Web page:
Business Magazine

Should You Outsource Your Social Media?

By Stacylrust


I get this question all the time… What’s the best way to include social media when marketing a business?

  • Should you do it all yourself?
  • Should you bring someone onto your staff to handle it?
  • Should you outsource it altogether?

And, once you do start using social media, how do you use it effectively to generate more customers and sales?

After all, nobody wants their employees sitting around on social media without seeing any real business results.

First off, social media is an incredible tool for businesses. No matter what industry you’re in, it’s important that you join the online conversation.

The internet has made room for international business relationships at the click of a mouse. No longer do businesses need expensive ad campaigns to communicate with prospects worldwide, social media has lifted the obstacles that used to stand in the way.

Through social media, businesses can chat directly with customers worldwide, and build connections and make sales 24/7. The internet has created a truly global marketplace for almost every industry.

Because of this, consumers across the world are given more options than ever before. Gone are the days when your only option for buying shoes was from the shoe store down the street from your house. You can now buy shoes from anywhere in the world, in any color, style, and size, all from the comfort of your living room.

This is incredible. But, it also means that customers are getting picky.

With a seemingly endless list of companies to work with, customers are far less willing to buy from a company that doesn’t meet all of their needs. These needs span from product selection, to customer service, to social and environmental responsibility. We, as consumers, are beginning to hold our companies to higher standards in all areas.

  • You don’t pay your employees fair wages? Ok, we’ll shop somewhere else.
  • You pollute your local environment? No problem, we’ll click a different link and purchase from your competitor.
  • You don’t provide good customer service? Adios.

Customers around the world want to know more about the companies they choose to work with. They want to know who they are, what they stand for, and how they are different from competitors.

This is why social media has grown so quickly in the business space. Customers now have a direct line to the companies they are considering working with. Prospects can jump online and ask anyone at a company anything, at any time. Customers can Google every business name, and any CEO, and find out anything they want to know.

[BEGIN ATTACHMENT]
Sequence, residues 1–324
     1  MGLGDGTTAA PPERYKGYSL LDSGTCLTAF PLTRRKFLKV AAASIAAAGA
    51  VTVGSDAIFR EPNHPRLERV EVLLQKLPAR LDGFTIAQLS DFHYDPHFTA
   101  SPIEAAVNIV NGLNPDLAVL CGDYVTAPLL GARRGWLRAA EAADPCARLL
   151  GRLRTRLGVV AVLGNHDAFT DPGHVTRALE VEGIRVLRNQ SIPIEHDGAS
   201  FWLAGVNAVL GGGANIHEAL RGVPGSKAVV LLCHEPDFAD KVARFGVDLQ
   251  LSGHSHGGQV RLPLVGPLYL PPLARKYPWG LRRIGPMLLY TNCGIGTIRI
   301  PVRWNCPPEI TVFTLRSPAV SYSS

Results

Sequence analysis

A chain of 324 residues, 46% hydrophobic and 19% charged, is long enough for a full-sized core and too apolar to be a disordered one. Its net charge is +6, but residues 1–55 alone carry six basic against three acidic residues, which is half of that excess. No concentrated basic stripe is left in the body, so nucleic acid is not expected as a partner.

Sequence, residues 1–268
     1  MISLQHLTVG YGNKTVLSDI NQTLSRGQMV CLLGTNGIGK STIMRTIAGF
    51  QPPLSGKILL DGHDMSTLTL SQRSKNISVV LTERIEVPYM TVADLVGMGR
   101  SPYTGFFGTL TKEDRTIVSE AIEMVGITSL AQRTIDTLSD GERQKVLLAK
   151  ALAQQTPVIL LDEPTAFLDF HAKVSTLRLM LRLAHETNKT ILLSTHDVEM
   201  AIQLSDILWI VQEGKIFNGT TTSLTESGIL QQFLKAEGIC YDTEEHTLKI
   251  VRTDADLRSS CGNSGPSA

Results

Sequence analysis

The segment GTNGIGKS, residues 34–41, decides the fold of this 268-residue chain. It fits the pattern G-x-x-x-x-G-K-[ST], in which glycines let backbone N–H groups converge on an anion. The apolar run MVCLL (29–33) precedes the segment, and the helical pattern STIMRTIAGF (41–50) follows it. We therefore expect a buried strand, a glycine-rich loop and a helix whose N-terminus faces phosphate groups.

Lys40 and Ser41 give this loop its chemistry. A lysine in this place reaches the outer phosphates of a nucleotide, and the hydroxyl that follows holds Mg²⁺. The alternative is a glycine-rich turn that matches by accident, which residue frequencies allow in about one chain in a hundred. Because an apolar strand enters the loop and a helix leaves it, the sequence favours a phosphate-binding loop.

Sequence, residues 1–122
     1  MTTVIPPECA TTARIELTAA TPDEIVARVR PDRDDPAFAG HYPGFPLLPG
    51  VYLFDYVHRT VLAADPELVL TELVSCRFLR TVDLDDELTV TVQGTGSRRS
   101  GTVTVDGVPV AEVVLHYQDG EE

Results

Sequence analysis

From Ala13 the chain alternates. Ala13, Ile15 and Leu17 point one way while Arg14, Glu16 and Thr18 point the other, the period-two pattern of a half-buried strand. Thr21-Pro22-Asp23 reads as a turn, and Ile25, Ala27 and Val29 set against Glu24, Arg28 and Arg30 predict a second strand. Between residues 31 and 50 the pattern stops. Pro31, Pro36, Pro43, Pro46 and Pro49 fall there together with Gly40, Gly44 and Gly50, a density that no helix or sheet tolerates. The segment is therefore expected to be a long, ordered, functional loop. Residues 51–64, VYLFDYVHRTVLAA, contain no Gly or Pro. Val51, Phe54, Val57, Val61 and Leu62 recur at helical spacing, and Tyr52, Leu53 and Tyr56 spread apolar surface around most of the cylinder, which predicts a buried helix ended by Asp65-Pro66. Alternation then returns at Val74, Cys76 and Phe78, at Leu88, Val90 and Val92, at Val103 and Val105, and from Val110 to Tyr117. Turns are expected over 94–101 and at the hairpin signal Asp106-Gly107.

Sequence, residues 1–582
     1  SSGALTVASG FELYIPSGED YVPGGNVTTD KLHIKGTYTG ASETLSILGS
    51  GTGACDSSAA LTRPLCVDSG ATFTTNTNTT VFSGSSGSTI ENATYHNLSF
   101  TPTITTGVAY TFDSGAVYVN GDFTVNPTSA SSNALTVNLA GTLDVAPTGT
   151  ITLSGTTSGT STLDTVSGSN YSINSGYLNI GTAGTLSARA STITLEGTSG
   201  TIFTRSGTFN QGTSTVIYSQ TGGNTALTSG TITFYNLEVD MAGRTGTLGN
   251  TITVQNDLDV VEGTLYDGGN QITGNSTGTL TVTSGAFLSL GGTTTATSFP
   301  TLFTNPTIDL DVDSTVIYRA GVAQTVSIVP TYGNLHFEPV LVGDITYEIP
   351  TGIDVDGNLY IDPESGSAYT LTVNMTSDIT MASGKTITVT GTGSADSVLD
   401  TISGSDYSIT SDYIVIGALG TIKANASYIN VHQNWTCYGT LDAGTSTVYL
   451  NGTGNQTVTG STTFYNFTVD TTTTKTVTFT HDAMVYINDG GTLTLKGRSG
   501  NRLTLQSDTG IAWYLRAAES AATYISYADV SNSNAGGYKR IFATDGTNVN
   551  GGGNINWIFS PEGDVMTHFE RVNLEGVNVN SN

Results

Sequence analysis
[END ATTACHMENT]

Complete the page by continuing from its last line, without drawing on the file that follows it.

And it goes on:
• Does your product really work as well as you say it does? I’ll just hop over to Facebook, ask a few friends, and find out.
  • How much money do you give to good causes each year, is philanthropy a priority? It takes only a couple of seconds to Google that information.
  • Will I have to wait in a long line at your store to get help? I’ll pop over to Yelp and see.

Social media holds the space for these conversations. And customers want businesses to participate.

So, as business owners, we must take the opportunity that social media provides to connect with our customers and have meaningful interactions with them. This is the relationship they are looking for. They want us to chat with them and answer their questions. They want us to demonstrate our commitment to service and customer satisfaction by showing up where they are already hanging out.

Rewind a few decades… The businesses that succeeded before the internet were those who created real relationships with their shoppers. If there were 2 bakeries in town, one who remembered your name and your order, and the other who didn’t, who would you spend your money with? Why do so many people have the same stylist for years? Because, there’s a relationship there. There’s trust and friendship.

Thanks to social media, you can create that same dynamic with customers all around the world. This opportunity is absolutely unprecedented. You can create friendships from across the globe and nurture loyal customer relationships.

Even if you run a local business, you have an opportunity to connect with your customers wherever they are. No more waiting for them to step through the door, the conversation is always open.

As the market evolves, social media will become a non-negotiable part of customer communications.